This iteration of my project explores how living spaces are captured, literally and metaphorically. I am interested in finding visual interpretations for the way humans occupy and inhabit spaces, other than the spaces themselves. I have drawn upon memories of places I have lived in Olympia for the past two years as a means to express/investigate how these places have shaped who I am. Through a surrealistic lens, these images seek to illustrate dreamscapes. These are the intimate spaces which we call home.
(all images by me unless otherwise noted)
“Creating new perceptions normally associated with objects and things that are familiar offers the opportunity of a new set of social relationships connected to time and space, dreams and memory, language and signs… As a result a new level of reality is created that moves away from the simple feeling of fantasy, allowing the viewer to actively participate within the space and discover new meanings in things that are normally familiar to us in our everyday lives” (Nova)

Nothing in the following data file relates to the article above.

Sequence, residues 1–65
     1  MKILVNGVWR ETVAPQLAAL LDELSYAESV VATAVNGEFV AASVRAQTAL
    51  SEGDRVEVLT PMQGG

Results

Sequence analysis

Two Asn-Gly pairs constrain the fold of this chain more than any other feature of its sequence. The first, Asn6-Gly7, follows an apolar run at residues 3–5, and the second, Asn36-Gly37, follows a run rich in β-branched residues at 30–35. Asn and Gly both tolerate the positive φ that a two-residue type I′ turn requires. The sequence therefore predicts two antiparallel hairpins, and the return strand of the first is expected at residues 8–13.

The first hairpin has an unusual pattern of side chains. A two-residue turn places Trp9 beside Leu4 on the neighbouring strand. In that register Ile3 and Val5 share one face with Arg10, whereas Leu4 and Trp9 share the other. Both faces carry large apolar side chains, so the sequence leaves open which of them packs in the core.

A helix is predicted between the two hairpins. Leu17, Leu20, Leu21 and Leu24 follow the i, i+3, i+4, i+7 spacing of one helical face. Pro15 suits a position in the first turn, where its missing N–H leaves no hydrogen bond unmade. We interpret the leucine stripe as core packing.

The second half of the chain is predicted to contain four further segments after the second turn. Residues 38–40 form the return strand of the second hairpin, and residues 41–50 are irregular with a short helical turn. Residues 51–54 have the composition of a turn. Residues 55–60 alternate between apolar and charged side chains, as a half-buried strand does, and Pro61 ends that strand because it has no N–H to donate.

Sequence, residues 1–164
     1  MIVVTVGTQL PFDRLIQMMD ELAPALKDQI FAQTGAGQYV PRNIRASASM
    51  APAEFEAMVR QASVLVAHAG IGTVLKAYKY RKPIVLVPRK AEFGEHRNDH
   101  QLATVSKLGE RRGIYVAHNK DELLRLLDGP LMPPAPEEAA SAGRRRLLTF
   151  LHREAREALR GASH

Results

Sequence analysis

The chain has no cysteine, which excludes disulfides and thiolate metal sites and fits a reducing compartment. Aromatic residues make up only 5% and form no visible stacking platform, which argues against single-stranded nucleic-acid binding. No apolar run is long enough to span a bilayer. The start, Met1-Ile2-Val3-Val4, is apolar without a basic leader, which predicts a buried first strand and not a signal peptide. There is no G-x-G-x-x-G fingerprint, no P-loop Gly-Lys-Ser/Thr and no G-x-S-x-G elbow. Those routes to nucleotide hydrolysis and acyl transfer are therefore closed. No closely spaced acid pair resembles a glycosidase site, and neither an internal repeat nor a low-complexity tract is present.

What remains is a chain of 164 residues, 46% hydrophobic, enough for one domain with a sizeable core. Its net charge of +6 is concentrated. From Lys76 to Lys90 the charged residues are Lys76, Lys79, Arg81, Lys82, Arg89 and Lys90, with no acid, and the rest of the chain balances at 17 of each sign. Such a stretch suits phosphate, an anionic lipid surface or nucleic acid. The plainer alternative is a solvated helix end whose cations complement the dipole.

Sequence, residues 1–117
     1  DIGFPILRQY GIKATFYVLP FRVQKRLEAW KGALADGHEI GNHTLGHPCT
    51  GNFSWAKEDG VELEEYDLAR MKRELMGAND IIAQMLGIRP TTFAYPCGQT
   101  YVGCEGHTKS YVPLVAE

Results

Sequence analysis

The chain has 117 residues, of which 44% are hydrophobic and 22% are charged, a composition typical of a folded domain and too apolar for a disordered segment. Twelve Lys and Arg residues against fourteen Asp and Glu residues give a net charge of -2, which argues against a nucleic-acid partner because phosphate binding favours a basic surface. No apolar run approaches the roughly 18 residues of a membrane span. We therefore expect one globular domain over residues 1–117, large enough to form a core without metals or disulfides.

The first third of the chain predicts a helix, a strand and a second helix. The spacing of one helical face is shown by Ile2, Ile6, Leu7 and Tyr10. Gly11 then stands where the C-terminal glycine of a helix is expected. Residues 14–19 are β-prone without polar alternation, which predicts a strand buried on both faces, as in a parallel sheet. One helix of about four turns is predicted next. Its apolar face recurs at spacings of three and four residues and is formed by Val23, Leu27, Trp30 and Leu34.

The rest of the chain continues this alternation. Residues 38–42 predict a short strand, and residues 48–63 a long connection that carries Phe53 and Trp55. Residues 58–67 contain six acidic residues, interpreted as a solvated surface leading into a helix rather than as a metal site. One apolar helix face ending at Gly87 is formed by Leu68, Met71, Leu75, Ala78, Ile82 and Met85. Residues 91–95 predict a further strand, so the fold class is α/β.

Jeremy Miranda is a surrealist landscape painter who is”interested in creating complex environments that are a hybridization of both interior and exterior spaces.” He is inspired by “memory, history, domesticity, architecture, landscape and how, when co-mingled, can generate new spacial relationships.”
Max Ernst “Quietude”
“A creature that hides and “withdraws into its shell,” is preparing a “way out.” This is true of the entire scale of metaphors, from the resurrection of a man in his grave, to the sudden outburst of one who has long been silent. If we remain at the heart of the image under consideration, we have the impression that, by staying in the motionlessness of its shell, the creature is preparing temporal explosions, not to say whirlwinds, of being” (Bachelard 111).
“Home/run” composite photo. Source: plant
photo of me outside off-grid cabin in Olympia, WA by Jess Wacker
celestial yurt roof: source
Bachelard, Gaston. The Poetics of Space. New York, NY, U.S.A.: Orion, 1964. Print.